cat /dev/DiBona/brain: Sony Just Doesn't Get It
Competing with the iPod is a very difficult thing to do. You need to get a lot right to be even in the same league. In typical Sony fashion, they have spent a lot of marketing, design and PR dollars creating and promoting their "iPod killing" Network Walkman. This is a device roughly the same size as an iPod--or smaller, depending on if you believe the PR, but not smaller than an iPod mini...but whatever.
Before I rant a bit, let's compare their features:
Hard Drive Size: Sony appears to be offering a 20 gigabyte version or a 40 gigabyte version for its Network Walkman, depending on which report you believe. Either way, the iPod has a range of capacities as well.
Price: Sony's offering costs a bit less when comparing comparable capacities with the iPod. Yay Sony!
Support Software: Sony Connect vs. iTunes. iTunes is good, Sony Connect is not. But hey, you might like Sony Connect, so that's up to you. I prefer to encode my CDs myself at the insane bit rates I prefer.
Formats Supported: Sony likes you to use Atrac, Apple likes AAC, so who cares, right? You simply can play MP3s on them and forget their DRMed proprietary formats. Right? Right? Well, on the iPod you can. And on every portable player made in the last five years, you can. I don't have enough room or time to list every player that does, really.
But Sony doesn't play MP3. It seems it "supports" MP3 through conversion, and we all love trans-coded music, right? But nope, no playback of MP3.
Yes, seriously. Really, stop laughing. Transcoding is an abomination. Running your music through two lossy encoding steps is plain bad for the music if your standards are anywhere above 1950's AM radio technology. It would be like using a Xerox machine to do micrography, as in that old AIR article, which I couldn't find on-line.
So, in short, Stupid! Stupid! Stupid!
Take a perfectly interesting product and make it sucky in one fell swoop. I mean, I know that Sony has their stuff together much of the time--don't ask me about VAIO build quality, please, I've repressed that. The PS/2 is a fine product, and the Sony classical label does some remarkable recordings, but these landfill worthy players should be abandoned as some Sony executive's bad-trip drug dream. Better yet, the firmware should be upgraded to play the freaking MP3 standard that litters most people's music collections.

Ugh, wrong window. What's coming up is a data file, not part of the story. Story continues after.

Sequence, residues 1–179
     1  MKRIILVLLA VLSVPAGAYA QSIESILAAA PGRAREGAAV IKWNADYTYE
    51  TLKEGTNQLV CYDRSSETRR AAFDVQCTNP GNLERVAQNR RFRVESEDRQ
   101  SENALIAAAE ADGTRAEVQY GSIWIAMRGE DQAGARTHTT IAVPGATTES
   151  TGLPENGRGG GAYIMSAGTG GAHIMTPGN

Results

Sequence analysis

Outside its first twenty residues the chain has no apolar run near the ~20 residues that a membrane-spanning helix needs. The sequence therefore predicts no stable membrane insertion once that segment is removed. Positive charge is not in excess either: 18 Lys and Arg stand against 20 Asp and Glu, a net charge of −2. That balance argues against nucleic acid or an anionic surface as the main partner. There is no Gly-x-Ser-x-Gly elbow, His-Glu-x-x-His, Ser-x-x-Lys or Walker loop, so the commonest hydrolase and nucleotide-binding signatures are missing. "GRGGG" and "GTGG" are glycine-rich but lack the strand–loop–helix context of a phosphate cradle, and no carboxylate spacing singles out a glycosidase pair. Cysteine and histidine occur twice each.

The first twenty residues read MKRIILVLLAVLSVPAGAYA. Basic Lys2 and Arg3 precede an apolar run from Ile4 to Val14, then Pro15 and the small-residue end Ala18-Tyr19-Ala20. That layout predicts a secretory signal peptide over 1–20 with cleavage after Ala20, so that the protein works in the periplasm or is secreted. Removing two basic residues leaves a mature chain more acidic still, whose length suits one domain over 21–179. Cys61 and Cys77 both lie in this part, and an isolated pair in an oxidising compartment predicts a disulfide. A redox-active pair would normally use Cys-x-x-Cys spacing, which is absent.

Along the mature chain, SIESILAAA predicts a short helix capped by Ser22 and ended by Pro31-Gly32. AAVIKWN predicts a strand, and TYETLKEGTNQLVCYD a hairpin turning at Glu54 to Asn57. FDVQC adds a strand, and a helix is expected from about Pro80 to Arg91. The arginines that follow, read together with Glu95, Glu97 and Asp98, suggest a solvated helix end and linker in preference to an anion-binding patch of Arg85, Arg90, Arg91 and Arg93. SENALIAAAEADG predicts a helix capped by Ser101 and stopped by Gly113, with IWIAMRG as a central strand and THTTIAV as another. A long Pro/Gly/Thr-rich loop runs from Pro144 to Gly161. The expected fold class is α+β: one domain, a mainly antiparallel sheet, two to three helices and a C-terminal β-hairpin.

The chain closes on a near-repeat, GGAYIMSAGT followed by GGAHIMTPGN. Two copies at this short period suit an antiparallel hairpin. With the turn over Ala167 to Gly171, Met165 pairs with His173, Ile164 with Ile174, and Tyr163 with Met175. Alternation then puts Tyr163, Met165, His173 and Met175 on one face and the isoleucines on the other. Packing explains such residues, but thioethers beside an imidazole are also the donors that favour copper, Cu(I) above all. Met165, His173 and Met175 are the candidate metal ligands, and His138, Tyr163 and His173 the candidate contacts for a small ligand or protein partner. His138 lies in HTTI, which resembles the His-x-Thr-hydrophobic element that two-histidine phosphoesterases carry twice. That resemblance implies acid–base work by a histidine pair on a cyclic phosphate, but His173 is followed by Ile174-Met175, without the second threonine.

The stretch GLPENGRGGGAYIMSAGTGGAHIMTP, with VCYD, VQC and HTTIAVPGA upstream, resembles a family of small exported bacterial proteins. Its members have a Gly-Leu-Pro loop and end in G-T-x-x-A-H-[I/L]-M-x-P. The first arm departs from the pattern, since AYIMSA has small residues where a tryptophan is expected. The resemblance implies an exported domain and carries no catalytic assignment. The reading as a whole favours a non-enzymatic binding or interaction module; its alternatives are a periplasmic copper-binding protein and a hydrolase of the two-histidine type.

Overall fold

This isn't the first time Sony has done this. About four years ago, it had a pretty drop-dead sexy little MP3, um, Atrac player that looked like a stuppy pen, and I would have bought one in a second had it played MP3s.
I know what you are thinking: "What about Ogg? MP3 is stinky patent encumbered crapola." All I can say is iRiver seems to get it, and its player looks very nice; I want one and all that (I'd love to review one, fellas). But you have to support MP3 if you want a player to be a commercial success. Sony obviously is the kind of company that, even if Ogg were the dominant encoding system the way MP3 is today, would not support it in favor of Atrac-on-memory-stick.
Also, can I say that Atrac stinks? Good. Atrac stinks. I have an old minidisk player that is great for recording lectures and interviews and such, but past that? Crap.
Thanks for listening to my rant.
Fast/Flexible Linux OS Recovery
On Demand Now
In this live one-hour webinar, learn how to enhance your existing backup strategies for complete disaster recovery preparedness using Storix System Backup Administrator (SBAdmin), a highly flexible full-system recovery solution for UNIX and Linux systems.
Join Linux Journal's Shawn Powers and David Huffman, President/CEO, Storix, Inc.
Free to Linux Journal readers.Register Now!
- Download "Linux Management with Red Hat Satellite: Measuring Business Impact and ROI"
- July 2016 Issue of Linux Journal
- Client-Side Performance
- Tibbo Technology's Tibbo Project System
- Libarchive Security Flaw Discovered
- Sony Settles in Linux Battle
- Peppermint 7 Released
- Profiles and RC Files
- Snappy Moves to New Platforms
- The Giant Zero, Part 0.x
With all the industry talk about the benefits of Linux on Power and all the performance advantages offered by its open architecture, you may be considering a move in that direction. If you are thinking about analytics, big data and cloud computing, you would be right to evaluate Power. The idea of using commodity x86 hardware and replacing it every three years is an outdated cost model. It doesn’t consider the total cost of ownership, and it doesn’t consider the advantage of real processing power, high-availability and multithreading like a demon.
This ebook takes a look at some of the practical applications of the Linux on Power platform and ways you might bring all the performance power of this open architecture to bear for your organization. There are no smoke and mirrors here—just hard, cold, empirical evidence provided by independent sources. I also consider some innovative ways Linux on Power will be used in the future.Get the Guide